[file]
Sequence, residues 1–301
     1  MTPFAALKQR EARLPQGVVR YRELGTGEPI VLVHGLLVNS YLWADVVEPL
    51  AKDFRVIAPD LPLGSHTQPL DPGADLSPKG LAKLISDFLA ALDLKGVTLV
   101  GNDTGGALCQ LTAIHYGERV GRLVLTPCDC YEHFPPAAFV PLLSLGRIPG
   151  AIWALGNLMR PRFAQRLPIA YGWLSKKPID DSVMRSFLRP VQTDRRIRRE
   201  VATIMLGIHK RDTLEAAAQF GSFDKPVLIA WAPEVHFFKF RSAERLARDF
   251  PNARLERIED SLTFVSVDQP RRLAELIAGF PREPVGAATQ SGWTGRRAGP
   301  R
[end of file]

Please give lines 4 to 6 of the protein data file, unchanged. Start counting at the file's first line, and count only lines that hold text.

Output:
   101  GNDTGGALCQ LTAIHYGERV GRLVLTPCDC YEHFPPAAFV PLLSLGRIPG
   151  AIWALGNLMR PRFAQRLPIA YGWLSKKPID DSVMRSFLRP VQTDRRIRRE
   201  VATIMLGIHK RDTLEAAAQF GSFDKPVLIA WAPEVHFFKF RSAERLARDF